In the course of about sixteen hours the following things happened in my life. The things that could happen in anyone’s life, at any time, but that happened to me, in Chile. Which make me love my day, my life, Chile, or some combination thereof.
First, I woke up early and headed up to this church, at the end of the redline metro. I’ve never seen it so early in the morning. I’m not religious (and don’t find a terrific amount of use for hte $2000 peso bill ($4, it’s on the back of the old one) since things are getting so expensive here lately), but I was happy to see the dying dark and oncoming dawn.
Then I got into the car of a Venezuelan guy I don’t know (this is part of the deal with the hiking group, the carpooling part), and drove to the start off point for a hike. In my life, I have only seen two places in South America this crowded with people for starting a hike, and they are Wayanapichu at Machu Picchu, and the entry point for Torres del Paine. Ugh. I almost left.
Though the number of people was hideous, entering this park from this side is infinitely more pleasant than entering it from the San Carlos de Apoquindo side, especially since now they say they won’t let pedestrians in (according to the Venezuelan), though some friends recently went mountainbiking there, and all was b’seder (fine, in Hebrew).
We hiked up and away from the masses of people, many of whom stopped at various points along the way. It’s about 7 km of terrain like this:
And there was a waterfall and a guy washing the lettuce for his lunch in it and I scooped up water and dran it and it was delicious. And then we all walked down (elapsed time, a ridiculously long 8 hours).
And then I got home, took a shower while my food was in the oven, got dressed, ate, and got on the metro to go to a birthday party. It was in San Bernardo, and I had to take the yellow line, which must have the highest concentration of humans after the black hole of Calcutta, at almost all hours of the day. The guy behind me was wearing a chupalla, a giant, brimmed straw hat, which kept on hitting me in the back of the head, which was very annoying. Over my right shoulder, a long-haired pale boy was solving his Rubick’s cube.
Then I was at the party, and a good time was had, and the bleu cheese empanada was poca tradicional, but delicious.. I took a taxi home because it’s the best/safest option for that route, and a guy probably hopped up on pasta base (a very addictive cocaine-derivitive drug, called paco in Mexico and which tends to be more popular in poor/at-risk populations, a hit costs about a luka, or about $2 US.) trying to wash the car beside ours’ windshield. When the guy in the car said no (because he had no coins to give), the squeegee guy said “Te lo regalo!” (I’ll give it to you for free!). And he did. And the taxi driver told me about this old guy he knows who’s an addict, and we talked about how long people can last if they consume pasta base habitually (not long, a couple of years would be alot), and what a scourge it iis, and how their teeth fall out. And then the car died, and we drifted to a halt, but he got it going again, and dropped me at home, wishing me a good night and calling me señorita.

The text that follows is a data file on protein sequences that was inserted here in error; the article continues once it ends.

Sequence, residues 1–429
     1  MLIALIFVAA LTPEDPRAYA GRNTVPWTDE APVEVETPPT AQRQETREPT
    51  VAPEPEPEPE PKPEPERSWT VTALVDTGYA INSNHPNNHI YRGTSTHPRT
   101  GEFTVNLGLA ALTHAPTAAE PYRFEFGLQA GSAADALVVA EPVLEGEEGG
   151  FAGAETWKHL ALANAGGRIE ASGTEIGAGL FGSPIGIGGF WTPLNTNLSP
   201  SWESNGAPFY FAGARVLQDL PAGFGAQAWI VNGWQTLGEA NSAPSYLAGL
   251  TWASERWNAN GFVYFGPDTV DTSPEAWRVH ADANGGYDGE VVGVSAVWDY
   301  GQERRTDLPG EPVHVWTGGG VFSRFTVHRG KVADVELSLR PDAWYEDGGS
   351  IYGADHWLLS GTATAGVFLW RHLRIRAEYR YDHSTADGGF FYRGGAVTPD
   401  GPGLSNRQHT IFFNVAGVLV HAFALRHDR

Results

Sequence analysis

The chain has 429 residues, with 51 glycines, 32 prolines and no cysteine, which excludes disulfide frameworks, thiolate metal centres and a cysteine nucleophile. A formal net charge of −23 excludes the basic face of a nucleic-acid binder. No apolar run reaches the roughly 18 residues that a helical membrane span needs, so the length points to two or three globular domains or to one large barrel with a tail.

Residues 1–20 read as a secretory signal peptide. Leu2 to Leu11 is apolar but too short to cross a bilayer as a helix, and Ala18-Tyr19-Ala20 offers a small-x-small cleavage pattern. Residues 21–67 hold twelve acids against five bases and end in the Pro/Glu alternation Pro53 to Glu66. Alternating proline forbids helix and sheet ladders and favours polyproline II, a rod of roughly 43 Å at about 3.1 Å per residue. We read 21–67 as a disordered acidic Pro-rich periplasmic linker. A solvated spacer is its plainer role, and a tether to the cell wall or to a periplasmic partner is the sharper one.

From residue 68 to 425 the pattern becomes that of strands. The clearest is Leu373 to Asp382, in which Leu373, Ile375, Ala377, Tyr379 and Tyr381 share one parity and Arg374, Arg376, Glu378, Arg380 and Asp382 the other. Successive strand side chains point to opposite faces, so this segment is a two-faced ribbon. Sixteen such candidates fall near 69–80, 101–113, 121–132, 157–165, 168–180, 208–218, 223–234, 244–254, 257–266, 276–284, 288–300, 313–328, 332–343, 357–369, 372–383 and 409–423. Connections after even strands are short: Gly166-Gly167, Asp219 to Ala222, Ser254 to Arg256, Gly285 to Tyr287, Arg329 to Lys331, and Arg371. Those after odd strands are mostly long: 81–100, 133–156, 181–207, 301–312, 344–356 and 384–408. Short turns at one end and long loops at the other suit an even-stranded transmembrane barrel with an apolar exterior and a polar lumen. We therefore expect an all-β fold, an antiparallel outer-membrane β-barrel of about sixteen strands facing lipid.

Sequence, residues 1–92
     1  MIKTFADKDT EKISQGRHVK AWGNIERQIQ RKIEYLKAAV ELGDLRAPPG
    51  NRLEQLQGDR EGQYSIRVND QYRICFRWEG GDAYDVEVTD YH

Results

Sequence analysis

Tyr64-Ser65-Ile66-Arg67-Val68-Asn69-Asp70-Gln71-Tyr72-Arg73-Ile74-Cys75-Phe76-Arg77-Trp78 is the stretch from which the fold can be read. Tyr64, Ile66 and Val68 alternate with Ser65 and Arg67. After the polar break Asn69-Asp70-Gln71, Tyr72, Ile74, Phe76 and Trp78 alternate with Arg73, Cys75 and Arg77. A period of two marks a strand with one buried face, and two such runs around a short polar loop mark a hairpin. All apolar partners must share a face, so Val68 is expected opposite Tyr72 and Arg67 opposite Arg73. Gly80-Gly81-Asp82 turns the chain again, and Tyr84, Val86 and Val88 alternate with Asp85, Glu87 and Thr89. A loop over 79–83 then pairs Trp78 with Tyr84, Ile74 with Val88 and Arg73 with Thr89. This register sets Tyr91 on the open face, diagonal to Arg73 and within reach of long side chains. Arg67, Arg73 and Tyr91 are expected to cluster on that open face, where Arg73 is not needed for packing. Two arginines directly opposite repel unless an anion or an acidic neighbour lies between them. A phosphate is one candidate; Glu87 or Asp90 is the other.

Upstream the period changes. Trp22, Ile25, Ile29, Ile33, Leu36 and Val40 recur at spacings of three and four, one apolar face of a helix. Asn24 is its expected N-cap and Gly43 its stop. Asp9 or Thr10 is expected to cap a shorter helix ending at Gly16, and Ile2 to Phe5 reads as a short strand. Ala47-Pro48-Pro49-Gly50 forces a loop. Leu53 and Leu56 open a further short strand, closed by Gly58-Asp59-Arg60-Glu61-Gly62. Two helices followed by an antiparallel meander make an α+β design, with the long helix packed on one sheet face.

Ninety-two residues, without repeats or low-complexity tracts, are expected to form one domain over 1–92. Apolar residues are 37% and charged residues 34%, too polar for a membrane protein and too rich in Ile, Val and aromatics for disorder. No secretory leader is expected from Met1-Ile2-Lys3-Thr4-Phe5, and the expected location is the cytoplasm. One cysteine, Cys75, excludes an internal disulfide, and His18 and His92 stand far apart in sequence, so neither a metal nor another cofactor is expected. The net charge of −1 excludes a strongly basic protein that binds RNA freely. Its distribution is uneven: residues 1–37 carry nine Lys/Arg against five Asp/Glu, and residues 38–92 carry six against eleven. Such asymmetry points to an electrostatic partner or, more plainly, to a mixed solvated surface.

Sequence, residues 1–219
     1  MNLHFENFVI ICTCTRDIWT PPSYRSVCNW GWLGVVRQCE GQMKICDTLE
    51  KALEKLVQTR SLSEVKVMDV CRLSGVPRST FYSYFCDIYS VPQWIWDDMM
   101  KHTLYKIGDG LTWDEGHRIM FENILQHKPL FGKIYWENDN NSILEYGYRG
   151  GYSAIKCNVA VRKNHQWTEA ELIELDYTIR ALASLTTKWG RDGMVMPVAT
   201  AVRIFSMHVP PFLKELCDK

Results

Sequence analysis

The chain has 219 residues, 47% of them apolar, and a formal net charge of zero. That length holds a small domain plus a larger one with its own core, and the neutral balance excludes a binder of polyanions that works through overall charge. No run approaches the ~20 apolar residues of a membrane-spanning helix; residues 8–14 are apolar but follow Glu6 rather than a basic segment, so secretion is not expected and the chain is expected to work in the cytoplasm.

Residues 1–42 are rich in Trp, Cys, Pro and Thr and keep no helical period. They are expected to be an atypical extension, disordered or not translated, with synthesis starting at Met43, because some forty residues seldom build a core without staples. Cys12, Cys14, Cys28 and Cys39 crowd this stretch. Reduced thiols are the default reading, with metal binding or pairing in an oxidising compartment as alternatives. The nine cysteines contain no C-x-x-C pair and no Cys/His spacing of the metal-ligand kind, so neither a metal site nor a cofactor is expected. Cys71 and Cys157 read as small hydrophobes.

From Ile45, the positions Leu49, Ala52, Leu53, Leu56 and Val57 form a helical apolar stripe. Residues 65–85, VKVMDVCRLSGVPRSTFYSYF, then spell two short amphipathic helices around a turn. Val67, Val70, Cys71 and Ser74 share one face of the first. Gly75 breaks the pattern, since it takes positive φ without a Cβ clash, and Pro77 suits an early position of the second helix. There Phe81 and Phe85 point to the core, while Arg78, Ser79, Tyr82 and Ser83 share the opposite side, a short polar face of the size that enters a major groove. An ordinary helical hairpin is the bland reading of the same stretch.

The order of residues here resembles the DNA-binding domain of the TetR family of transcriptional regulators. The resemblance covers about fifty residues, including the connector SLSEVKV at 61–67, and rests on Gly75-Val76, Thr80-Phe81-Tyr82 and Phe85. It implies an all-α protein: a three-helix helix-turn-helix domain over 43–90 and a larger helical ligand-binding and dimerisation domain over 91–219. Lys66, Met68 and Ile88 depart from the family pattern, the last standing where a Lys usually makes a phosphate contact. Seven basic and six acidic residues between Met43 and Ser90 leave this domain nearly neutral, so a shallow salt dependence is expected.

Sometimes when I have days this full I wonder if my next day I should just sit around and do nothing to even it all out. I hope you will forgive me for not taking a picture of the very full metro, the guy with the giant hat, the Rubick’s cube, the empanada, or the squeegee guy. I have a picture of the guy washing lettuce, but I have to send it to him. His name is Christian, which along with Marcelo and Claudio, has to be one of the three most common names here. But washing lettuce in a waterfall is pretty uncommon. And so was Saturday, April 30th. And yes, I slept very well!
We had trouble entering in from the San Carlos side, and our guides said it was because of the cuicos. No more explanation than that. After waiting for an hour and 20 phone calls later, they let us sign the book and we were off. Why is the other way in better (besides the hassle of the “permiso)?
The other way in is better because it is improved (trails maintained, etc). Also, you don’t spend the first 40 minutes walking up a broad path. There are signposts, a bathroom, and bridges (thought there’s no water on “your” side, so you don’t need the bridges). But the vegetation is different on each side, either one is worth knowing. Unfortunately, some 5 ha of it are on fire as we speak, from what I heard on the news (meaning I saw it on twitter). If you’re up for more hikes, there’s lots more to be had. We can take the world by storm!
Wow Eileen. It really sounds like a full life. An 8-hour hike would last me a week, let alone a day. That paco sounds like meth to me. Is it a big problem in Chile?
It’s a pretty big problem. Readily available, cheap, and the drug dealers make house calls, to get the SAHM moms hooked in. The smallest hit can cost 2 dollars (about the same as a cheap cheap lunch). It’s mainly refined/distributed in the poorer sections of town. The processing isn’t as dangerous as meth, but it does cause as many social ills, for sure. There’s also no real rehab protocol for it here, (mainly prayer and abstinence), and few subsidized programs, which makes it particularly difficult to combat/help people out of.
And yes, it was a great day. Unfortunately, that area was burned in a forest fire just after. I don’t know when I’ll get a chance to go back up there and check it out. BTW, TBEX yay or nay for you this year?
Jjeej, sounds like a bussy and funny life. Is great to know about how people from another countries who are living here have their own way to experiment this city (I’m chilean by the way). Sometimes we, the chileans, can learn a lot about our different options here, because we took a lot of things like normal, like something obvious.